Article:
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War on Drugs

First-grade teacher charged with drug trafficking

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Antonisha Chambers, 34, a first-grade teacher was arrested at her home in Fayetteville, North Carolina, this past Friday, along with Bradford Gordon, on drug trafficking charges. Detectives seized “over 4 pounds of methamphetamine during this investigation”, the Fayetteville Police Department said in a statement on Saturday. As well as possessing methamphetamine, the pair were accused of transporting the drug, more commonly known as crystal meth, from the property.

Ms. Chambers is a first-grade teacher at Honeycutt Elementary School in Fayetteville. Lindsay Whitley, an associate superintendent for Cumberland County Schools and spokesman for the Honeycutt school, told The Fayetteville Observer on Sunday that the school was aware of the arrest. “The arrest did not take place on the school campus and students were not made aware of this situation,” Ms. Whitley said. Ms. Whitley added “that Honeycutt Elementary and the school district in Fayetteville took the arrest “very seriously”.

Ms. Whitley declaimed that: “[W]hile these allegations are very disappointing, they do not overshadow the work that our employees do on a daily basis to help students succeed in the classroom and beyond. Prior to hiring employees, the district conducts extensive background checks and provides ethics training to employees once hired.” Police said both Ms. Chambers and Mr. Gordon were working in the US on visas. The Observer reported that she was hired by the Cumberland County School system in August 2021.

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4 Comments

4 Comments

  1. Pherbia Stephens

    March 21, 2022 at 8:39 pm

    Make sure they both pay all penalties and charges immediately then put them back on their way to where they came from.

  2. Richard Kent

    March 22, 2022 at 7:10 am

    WORKING IN THE UNITED STATES ON VISAS????. WHY NOT JUST HIRE A MEXICAN DRUG MULE FROM OUR BORDER> THEY DON’T NEED A VISA .. STUPID

  3. Pat

    March 22, 2022 at 11:26 pm

    People in the US on Visas are teaching in our schools???? That’s outrageous!!

  4. Publius Hamilton

    March 23, 2022 at 8:14 pm

    On Visas from what country? That’s a highly relevant piece of information to leave out..

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Immigration

Thousands of pounds of meth seized from vegetable shipments in one week from one border location

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U.S. Customs and Border Protection officers seized large quantities of methamphetamine this month alone at just one cargo facility located in Otay Mesa, California. Law enforcement officials warn that this month’s thousands of pounds of meth were smuggled in none other than vegetables.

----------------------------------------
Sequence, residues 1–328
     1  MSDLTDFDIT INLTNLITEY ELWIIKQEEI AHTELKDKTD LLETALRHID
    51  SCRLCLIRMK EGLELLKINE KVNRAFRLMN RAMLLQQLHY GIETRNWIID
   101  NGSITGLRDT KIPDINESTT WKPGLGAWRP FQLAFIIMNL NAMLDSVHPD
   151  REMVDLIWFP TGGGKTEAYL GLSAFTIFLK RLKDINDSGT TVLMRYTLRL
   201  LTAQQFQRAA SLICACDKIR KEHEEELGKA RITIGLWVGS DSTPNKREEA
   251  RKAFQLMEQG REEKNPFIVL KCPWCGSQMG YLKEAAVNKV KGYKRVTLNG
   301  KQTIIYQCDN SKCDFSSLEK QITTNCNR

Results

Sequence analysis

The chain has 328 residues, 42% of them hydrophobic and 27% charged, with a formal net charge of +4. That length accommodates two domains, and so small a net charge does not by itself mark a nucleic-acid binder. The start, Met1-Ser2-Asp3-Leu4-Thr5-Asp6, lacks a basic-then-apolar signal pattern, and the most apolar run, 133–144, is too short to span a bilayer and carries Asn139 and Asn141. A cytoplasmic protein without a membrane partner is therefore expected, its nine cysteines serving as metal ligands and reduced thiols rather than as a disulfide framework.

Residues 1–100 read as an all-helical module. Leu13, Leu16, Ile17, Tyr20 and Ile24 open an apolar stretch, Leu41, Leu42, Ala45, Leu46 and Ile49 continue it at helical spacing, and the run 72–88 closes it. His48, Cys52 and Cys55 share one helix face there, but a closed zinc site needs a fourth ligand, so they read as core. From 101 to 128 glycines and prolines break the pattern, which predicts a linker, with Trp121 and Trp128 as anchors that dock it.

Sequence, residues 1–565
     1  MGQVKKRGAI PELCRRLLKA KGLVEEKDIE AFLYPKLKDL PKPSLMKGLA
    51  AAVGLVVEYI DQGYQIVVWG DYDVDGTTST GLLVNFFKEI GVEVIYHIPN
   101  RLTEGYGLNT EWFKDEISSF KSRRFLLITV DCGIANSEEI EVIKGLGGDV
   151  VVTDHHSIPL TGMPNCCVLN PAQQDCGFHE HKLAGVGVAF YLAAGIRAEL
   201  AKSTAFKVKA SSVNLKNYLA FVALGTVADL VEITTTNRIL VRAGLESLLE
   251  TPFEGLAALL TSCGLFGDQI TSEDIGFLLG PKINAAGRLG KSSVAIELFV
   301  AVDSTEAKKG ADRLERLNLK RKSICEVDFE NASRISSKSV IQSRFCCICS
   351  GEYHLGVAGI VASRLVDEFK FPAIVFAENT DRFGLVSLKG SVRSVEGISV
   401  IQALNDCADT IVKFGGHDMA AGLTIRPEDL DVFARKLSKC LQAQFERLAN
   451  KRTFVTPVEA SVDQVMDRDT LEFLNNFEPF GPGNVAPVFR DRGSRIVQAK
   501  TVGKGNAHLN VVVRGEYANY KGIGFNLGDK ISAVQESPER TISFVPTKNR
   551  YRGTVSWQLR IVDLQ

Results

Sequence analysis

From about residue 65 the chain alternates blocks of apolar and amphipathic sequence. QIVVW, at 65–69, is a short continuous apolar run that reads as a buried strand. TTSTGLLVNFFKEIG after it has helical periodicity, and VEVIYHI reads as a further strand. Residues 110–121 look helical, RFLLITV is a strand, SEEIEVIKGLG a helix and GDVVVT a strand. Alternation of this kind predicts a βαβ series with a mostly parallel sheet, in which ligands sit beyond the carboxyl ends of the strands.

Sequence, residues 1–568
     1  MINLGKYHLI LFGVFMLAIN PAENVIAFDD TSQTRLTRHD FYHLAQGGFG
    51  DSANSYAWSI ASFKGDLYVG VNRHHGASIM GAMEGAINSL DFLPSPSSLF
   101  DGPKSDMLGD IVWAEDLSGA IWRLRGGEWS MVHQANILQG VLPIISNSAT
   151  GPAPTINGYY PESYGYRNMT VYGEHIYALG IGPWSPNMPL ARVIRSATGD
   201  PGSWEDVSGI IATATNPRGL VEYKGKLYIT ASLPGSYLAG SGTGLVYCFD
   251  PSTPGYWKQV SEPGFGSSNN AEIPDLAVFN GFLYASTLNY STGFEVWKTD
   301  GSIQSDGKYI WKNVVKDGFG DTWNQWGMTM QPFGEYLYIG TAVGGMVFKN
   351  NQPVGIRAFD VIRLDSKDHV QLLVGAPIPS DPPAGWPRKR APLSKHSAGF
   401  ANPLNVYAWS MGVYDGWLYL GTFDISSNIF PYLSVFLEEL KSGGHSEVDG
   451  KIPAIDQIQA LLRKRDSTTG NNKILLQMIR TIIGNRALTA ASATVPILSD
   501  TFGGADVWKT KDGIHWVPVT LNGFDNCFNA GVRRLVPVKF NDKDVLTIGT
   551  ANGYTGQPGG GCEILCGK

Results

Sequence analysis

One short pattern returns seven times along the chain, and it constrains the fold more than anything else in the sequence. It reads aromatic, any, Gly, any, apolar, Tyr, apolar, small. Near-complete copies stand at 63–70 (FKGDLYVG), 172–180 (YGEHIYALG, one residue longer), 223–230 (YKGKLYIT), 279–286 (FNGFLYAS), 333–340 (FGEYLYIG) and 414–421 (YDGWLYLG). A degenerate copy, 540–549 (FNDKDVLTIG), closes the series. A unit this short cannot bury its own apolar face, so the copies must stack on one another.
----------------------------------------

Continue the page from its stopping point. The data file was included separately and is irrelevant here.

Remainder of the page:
A shipment of peppers and tomatillos being driven by a 27-year-old male with a valid border crossing card driving a commercial tractor-trailer was stopped by CBP officers, reports The Center Square:

At first glance, the shipment appeared to contain only peppers and tomatillos. But after a K-9 unit screened it, officers examined the trailer and found a box containing a crystal-like substance. Additional officers were radioed to provide assistance and began extracting package after package hidden under the produce. They found 3,594 packages that were tested and identified as methamphetamine. The stash totaled 3,671.58 pounds.

At the same facility and in the same week CBP officers uncovered another massive load of meth being smuggled inside a shipment of carrots. The Center Square reports:

They stopped a 44-year-old man, also a valid border crossing card holder, driving a commercial tractor trailer hauling a shipment manifested as carrots. Officers unloaded the cases of carrots and found suspicious packages hidden underneath, which were tested and identified as methamphetamine. Overall, they seized 574 packages weighing approximately 2,900 pounds.

In both instances, the meth and commercial tractor-trailers were seized; the drivers were turned over to Homeland Security Investigations.

The Center Square writes that Mexican cartels for decades have devised creative ways to smuggle drugs and people into the U.S., including “task saturation” and “migrant warfare,” according to authorities. Surging resources in one area to leave the border open in another area enables cartel operatives and gangs they work with to commit a range of crimes. Another tactic is hiding people and drugs in trucks, including behind or under produce, to bring through ports of entry.

 

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